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no time to grieve

(13 Posts)
JSlondon Sun 24-Apr-16 23:33:29

I am a mum to 2 wonderful children - an 18 month old and a 3 month old. I lost my mum last month, suddenly with no warning. We lived near each other and along with being the most amazing mum, she was a good friend and my prime support (apart from my partner). Looking after the kids takes up pretty much all my time. My daughter doesn't nap in the day and my baby is nocturnal. Some days I'm such a mess, sobbing my heart out and others I am ok. I feel like I'm heading for a downward spiral - at a time in my life when I really need support, I've lost my main support. I wish I had the right words as I would hate it to sound like I'm equating my mum to a babysitter or a helping hand. If she were here and I were grieving for another, I'd be able to pick up the phone to her, or she'd come over to give me support or space or practical help or a mum cuddle.

I'm struggling with the day to day - the place is a tip - it can take me numerous trips to simply unload a dishwasher or put a wash on in between looking after the kids. I'm shattered. I need to grieve properly.

Some people seem to think that being busy is great to get over grief. For me, it's not. Whilst the kids are an absolute ray of sunshine, I need some impromptu space at the times when the grief really hits. My partner is incredibly supportive, but obviously has to work and be a dad. He's also lost his support (my mum). At times when I feel like I'd just like to pop out for a walk and a chat with him to talk about mum, we obviously can't because of the kids. I feel like I need my mum to help me come to terms with losing my mum, which obviously can't happen. I can't bear that she won't get to spend time with my kids. How have others coped with finding time to properly grieve when they have young kids?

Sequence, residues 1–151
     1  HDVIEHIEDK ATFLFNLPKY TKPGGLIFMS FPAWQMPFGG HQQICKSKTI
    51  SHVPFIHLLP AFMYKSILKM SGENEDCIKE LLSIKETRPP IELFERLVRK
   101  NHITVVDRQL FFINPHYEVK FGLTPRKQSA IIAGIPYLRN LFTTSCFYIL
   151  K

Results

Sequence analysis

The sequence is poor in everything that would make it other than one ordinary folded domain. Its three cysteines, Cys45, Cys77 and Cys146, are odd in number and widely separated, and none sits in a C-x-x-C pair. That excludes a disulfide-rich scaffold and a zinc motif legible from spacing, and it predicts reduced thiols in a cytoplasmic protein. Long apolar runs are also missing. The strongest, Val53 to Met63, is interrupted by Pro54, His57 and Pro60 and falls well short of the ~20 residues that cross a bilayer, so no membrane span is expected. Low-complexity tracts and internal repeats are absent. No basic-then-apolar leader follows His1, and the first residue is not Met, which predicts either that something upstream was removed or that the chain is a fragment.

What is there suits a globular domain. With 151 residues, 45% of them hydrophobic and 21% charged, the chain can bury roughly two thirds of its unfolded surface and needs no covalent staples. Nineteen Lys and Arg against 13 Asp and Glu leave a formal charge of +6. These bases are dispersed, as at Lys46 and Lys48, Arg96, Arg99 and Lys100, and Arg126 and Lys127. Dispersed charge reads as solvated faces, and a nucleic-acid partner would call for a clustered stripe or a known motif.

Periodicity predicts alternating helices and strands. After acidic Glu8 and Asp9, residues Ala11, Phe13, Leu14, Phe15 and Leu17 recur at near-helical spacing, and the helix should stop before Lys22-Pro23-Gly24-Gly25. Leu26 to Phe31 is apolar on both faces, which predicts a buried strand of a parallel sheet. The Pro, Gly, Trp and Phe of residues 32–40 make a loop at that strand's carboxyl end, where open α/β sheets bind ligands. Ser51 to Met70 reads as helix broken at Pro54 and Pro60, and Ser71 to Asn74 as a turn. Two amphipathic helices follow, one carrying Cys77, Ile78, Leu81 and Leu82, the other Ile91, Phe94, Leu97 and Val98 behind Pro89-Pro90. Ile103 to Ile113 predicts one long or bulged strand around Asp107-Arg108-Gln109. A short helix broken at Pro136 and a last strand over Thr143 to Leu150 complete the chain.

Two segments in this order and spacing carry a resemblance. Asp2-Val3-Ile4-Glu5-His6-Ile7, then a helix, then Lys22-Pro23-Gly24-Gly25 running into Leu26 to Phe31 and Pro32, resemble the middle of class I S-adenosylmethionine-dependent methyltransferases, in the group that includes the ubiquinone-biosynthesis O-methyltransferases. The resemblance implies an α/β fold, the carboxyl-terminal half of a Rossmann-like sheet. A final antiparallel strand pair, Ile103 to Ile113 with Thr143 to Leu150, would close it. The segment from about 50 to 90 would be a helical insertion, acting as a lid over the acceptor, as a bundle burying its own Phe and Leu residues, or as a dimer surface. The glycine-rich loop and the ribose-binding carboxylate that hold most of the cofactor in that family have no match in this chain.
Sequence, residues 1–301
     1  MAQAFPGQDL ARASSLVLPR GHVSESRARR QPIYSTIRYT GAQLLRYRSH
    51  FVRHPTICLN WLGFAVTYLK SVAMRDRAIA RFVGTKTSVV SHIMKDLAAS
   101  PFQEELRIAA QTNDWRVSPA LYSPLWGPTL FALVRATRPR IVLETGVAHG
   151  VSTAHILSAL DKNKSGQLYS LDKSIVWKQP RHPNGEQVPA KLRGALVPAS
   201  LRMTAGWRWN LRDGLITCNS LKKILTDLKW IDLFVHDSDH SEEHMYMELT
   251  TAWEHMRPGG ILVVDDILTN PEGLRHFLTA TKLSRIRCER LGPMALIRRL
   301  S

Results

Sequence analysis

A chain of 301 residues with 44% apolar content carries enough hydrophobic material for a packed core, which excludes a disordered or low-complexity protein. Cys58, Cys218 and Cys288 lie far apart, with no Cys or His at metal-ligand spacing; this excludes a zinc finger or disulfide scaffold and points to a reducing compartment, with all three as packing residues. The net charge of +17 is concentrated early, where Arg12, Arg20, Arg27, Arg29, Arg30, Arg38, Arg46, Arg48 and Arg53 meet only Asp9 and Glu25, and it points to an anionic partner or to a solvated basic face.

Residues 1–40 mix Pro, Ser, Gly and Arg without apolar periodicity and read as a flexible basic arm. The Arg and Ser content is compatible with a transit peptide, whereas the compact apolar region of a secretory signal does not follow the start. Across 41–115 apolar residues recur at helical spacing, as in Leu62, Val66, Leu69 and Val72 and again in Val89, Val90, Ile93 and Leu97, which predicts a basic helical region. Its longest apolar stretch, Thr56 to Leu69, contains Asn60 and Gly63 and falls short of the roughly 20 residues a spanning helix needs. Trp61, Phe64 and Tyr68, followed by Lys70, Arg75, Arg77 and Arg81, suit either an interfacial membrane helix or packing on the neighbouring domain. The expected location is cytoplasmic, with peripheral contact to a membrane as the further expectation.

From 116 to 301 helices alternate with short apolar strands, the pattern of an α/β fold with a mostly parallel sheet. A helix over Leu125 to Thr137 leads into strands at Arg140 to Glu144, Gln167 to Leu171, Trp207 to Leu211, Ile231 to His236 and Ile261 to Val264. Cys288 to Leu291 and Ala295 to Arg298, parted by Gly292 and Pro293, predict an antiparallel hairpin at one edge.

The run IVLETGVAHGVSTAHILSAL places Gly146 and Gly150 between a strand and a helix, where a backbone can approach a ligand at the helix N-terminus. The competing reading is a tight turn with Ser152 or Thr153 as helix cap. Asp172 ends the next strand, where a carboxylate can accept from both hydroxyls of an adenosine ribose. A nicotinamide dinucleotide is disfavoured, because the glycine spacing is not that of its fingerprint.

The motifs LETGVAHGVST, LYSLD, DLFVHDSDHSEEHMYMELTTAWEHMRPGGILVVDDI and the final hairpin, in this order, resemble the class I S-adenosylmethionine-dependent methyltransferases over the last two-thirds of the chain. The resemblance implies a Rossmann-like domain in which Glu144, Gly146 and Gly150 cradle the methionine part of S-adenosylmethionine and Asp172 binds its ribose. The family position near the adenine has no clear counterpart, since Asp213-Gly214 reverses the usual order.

MummyBex1985 Mon 25-Apr-16 08:03:46

Firstly, I'm so sorry for your loss.

Secondly, I know how you feel. My mum was, ironically, the only person who could have supported me through her death.

I have four young DCs and to be honest for a good few days I didn't really do anything around the house. The best thing DH could do was keep on top of the housework and do the cooking.

It does get easier, slowly. One day soon you'll feel able to cope with the every day stuff. Then, you'll start wanting to do it and managing to get on top of it again. This isn't a normal situation and it isn't forever.

Best advice I can give is listen to your body and mind. If you can't face housework then don't try. Ask for help with the DCs if you're struggling - people will understand. Ask your DH to do as much house stuff as possible. Try and nap when your DCs too if you aren't sleeping.

My mum died at Christmas and I still have the urge to pick up the phone whenever I need advice. I'm not sure it ever goes away but it's getting easier to deal with and bad days and fewer and further between. There's light at the end of the tunnel, I promise!

JSlondon Mon 25-Apr-16 18:40:55

I'm sorry for your loss. At some point I hope it will get easier.

cocochanel21 Tue 26-Apr-16 19:25:48

Sorry for your lossflowers.

I lost my Dd1 7mths ago I was 7mths pregnant with Dd2 at the time. At the time i didn't grieve I just felt numb and before I knew it Dd2 was born. Having a newborn I just tried to get on with thing's BUT it was the wrong thing to do. I recently started bereavement counselling at first I found it very hard to open up I'm slowly getting there I hope but everyday is different.
All I wanted at the time was my mum, but unfortunately she is in a care home and has dementia I can remember going to see her shortly after Dd1 died and crying outside then pulling myself together to go inside to see her it was awful.
Take Care.

JSlondon Wed 27-Apr-16 23:42:53

I'm so sorry for your loss and I hope the counselling is helping.